Do you ever get a tune or musical phrase in your head that keeps playing over and over again? I guess that’s called an ear worm and it can be annoying, but it can also be instructive. It means the brain is working on something even when we’re occupied with lots of other thoughts and activities. There might be something we need to pay attention to or something we are stuck on.
This past week, the phrase and tune that keeps going through my head is from our opening hymn, “Take up your cross, the Savior said.” We chose this hymn for today because of its obvious association with the gospel reading. Earlier in the week when I was proofing the bulletin, I looked at it again and sang it out loud to make sure it wasn’t too difficult or unfamiliar. That’s when it got lodged in my brain, an ear worm that won’t get out.
Choosing music for this diverse crowd can be tricky. This hymn dates back to the 19th century, and my guess is that less than a quarter of you are familiar with it. That means everyone with musical training is trying to read the music and words at the same time. And the rest are listening to see if you can pick it up by maybe the last verse or just giving up and waiting for it to be over so you can sit down! For most of us, it goes by so quickly that it doesn’t make an impression.
If you do have the luxury of paying attention to the lyrics, you may be put off by the old fashioned language, the theology, or the images that no longer work well for our context. Today we sang about Calvary’s hill and a golden crown. These are shortcut images that work only marginally in today’s context to point us in the former phrase to the death of Christ and in the latter to a reward in glory.
All week my brain has been wrestling with the question, “What does it mean to take up your cross?” How will those words be heard or sung by this congregation with all of your diverse religious and cultural backgrounds? Will the words of Jesus be heard as an invitation to follow the cross as it “guides you to abundant life” as in the words of the hymn? Or will this sound like bad news, part of a religious system that is destructive and victimizing?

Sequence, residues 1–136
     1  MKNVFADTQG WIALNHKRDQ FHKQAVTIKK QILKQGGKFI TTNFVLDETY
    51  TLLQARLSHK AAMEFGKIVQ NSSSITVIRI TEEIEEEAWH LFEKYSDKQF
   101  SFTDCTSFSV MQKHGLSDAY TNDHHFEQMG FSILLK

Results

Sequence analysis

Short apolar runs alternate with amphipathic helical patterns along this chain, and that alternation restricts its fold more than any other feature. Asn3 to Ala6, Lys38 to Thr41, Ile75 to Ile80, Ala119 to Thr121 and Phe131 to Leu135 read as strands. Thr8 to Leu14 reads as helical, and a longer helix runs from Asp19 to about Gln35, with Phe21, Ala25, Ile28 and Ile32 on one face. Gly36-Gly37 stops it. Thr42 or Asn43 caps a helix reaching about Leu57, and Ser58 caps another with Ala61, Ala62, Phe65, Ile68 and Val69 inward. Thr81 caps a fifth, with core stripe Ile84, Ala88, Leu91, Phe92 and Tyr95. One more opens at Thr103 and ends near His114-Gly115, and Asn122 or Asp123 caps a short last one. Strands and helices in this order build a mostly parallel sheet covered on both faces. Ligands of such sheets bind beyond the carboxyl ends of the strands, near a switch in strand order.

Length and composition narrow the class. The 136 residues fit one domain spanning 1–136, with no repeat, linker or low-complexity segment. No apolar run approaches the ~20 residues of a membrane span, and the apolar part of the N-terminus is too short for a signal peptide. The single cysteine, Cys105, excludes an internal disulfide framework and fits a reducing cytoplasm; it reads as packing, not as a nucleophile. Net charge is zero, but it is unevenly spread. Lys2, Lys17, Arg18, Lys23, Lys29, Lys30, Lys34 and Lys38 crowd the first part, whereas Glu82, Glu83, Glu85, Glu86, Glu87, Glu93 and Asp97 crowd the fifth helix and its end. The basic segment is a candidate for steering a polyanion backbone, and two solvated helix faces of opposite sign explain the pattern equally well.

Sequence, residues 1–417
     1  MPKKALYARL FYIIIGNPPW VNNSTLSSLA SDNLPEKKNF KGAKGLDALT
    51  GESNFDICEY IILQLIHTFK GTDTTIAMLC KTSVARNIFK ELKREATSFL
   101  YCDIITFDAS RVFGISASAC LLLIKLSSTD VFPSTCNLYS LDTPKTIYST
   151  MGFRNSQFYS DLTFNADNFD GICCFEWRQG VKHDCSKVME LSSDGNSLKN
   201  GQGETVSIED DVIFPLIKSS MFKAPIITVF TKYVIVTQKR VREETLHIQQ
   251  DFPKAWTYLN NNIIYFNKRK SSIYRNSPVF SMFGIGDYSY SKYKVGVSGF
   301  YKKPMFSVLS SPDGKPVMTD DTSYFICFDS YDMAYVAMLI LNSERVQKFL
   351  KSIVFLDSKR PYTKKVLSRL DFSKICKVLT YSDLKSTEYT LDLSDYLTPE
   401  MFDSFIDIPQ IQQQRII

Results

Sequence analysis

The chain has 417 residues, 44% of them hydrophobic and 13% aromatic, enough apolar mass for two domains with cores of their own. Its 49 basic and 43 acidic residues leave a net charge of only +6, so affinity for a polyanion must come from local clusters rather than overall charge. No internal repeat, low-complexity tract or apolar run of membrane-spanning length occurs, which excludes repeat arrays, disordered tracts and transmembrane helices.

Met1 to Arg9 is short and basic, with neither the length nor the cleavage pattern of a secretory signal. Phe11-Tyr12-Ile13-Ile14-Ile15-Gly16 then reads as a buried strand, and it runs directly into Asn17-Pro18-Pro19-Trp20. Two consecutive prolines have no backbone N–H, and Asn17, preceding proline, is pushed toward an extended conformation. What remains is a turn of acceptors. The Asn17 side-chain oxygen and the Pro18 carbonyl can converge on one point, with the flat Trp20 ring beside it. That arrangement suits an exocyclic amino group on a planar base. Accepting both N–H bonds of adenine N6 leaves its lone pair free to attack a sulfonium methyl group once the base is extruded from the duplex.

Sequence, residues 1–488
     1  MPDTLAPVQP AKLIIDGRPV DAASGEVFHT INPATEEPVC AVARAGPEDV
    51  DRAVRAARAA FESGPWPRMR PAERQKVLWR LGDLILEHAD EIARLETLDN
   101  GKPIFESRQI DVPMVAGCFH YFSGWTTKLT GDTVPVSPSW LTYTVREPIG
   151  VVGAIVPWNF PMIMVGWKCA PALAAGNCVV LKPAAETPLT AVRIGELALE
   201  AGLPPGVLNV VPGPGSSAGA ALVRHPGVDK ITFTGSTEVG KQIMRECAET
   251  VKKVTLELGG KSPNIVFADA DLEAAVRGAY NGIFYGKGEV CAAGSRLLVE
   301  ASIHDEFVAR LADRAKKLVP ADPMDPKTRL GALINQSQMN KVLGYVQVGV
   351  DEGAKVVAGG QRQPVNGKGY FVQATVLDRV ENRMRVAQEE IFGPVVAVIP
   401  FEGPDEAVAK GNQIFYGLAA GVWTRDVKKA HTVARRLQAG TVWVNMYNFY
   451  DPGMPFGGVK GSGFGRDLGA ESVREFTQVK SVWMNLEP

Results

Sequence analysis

Part of the bad theology about the cross comes with the phrase, “It’s just my cross to bear,” as if something or someone has been strapped onto our back, weighing us down as we carry it or them through life. The reason this is so destructive is because it traps us as victims of a God who would weigh us down with overwhelming burdens, and to what end? There is already so much in the world that is difficult and damaging. There are endless ways that people suffer and are damaged by one another and by life’s circumstances. What kind of God would deliberately add to those burdens by heaping on additional pain? It is not true that God never gives us more than we can handle.
It is true that the world can overwhelm us with pain and sorrow. God is not in the business of adding to that quota but rather of coming alongside of our suffering and sorrow to bear the burden with us.
The cross that Jesus takes up, he does so willingly. He is not a victim of God or even the victim of the Roman political process that committed him to this heinous form of torture and death. According to the hymn in Philippians, Jesus takes up the cross “for the joy set before him.” He lives a passionate life, in love with God and with all humanity. He chooses a life of meaning, purpose, joy, wonder and spirit. That choice involves radical love, faithfulness to the truth, acts of justice and mercy, deep compassion and willingness to follow the ways of God in opposition to the ways of death.
When he invites those who follow him to take up your cross, he is inviting us into that same life. He is inviting us into a life that can never be taken away from us, no matter what this world dishes out. Jesus is interested in the long game, the big picture, the truth and reality that gets blocked out by the urgency of daily life.